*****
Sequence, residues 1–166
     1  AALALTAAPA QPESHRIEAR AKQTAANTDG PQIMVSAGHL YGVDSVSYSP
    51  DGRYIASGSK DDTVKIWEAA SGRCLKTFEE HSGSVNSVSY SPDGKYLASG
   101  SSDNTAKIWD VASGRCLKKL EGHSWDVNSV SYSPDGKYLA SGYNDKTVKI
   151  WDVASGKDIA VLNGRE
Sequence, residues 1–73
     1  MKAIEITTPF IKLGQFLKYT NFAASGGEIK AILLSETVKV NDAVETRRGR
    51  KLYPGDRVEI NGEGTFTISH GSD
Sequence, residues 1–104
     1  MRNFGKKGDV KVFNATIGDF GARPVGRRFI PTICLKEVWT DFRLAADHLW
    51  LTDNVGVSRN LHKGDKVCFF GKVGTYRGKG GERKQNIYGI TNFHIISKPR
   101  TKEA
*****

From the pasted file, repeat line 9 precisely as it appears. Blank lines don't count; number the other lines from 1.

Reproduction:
Sequence, residues 1–104